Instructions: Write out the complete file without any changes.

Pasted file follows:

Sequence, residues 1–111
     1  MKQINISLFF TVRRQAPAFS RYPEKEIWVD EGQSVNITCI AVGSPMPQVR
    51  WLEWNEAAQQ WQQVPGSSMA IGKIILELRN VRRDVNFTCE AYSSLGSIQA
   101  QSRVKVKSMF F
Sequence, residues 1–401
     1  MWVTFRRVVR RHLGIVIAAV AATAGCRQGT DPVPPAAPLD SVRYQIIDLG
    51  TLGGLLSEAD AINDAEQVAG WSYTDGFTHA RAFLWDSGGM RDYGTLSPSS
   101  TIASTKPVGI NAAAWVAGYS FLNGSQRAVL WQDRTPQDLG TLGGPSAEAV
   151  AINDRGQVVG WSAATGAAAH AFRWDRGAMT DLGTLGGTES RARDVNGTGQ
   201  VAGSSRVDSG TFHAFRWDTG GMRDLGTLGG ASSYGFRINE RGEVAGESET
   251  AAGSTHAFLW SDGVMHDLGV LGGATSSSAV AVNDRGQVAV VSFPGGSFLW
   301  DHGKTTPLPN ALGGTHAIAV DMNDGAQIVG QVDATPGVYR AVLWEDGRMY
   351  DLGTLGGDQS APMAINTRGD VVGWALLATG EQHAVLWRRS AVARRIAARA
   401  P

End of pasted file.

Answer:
Sequence, residues 1–111
     1  MKQINISLFF TVRRQAPAFS RYPEKEIWVD EGQSVNITCI AVGSPMPQVR
    51  WLEWNEAAQQ WQQVPGSSMA IGKIILELRN VRRDVNFTCE AYSSLGSIQA
   101  QSRVKVKSMF F
Sequence, residues 1–401
     1  MWVTFRRVVR RHLGIVIAAV AATAGCRQGT DPVPPAAPLD SVRYQIIDLG
    51  TLGGLLSEAD AINDAEQVAG WSYTDGFTHA RAFLWDSGGM RDYGTLSPSS
   101  TIASTKPVGI NAAAWVAGYS FLNGSQRAVL WQDRTPQDLG TLGGPSAEAV
   151  AINDRGQVVG WSAATGAAAH AFRWDRGAMT DLGTLGGTES RARDVNGTGQ
   201  VAGSSRVDSG TFHAFRWDTG GMRDLGTLGG ASSYGFRINE RGEVAGESET
   251  AAGSTHAFLW SDGVMHDLGV LGGATSSSAV AVNDRGQVAV VSFPGGSFLW
   301  DHGKTTPLPN ALGGTHAIAV DMNDGAQIVG QVDATPGVYR AVLWEDGRMY
   351  DLGTLGGDQS APMAINTRGD VVGWALLATG EQHAVLWRRS AVARRIAARA
   401  P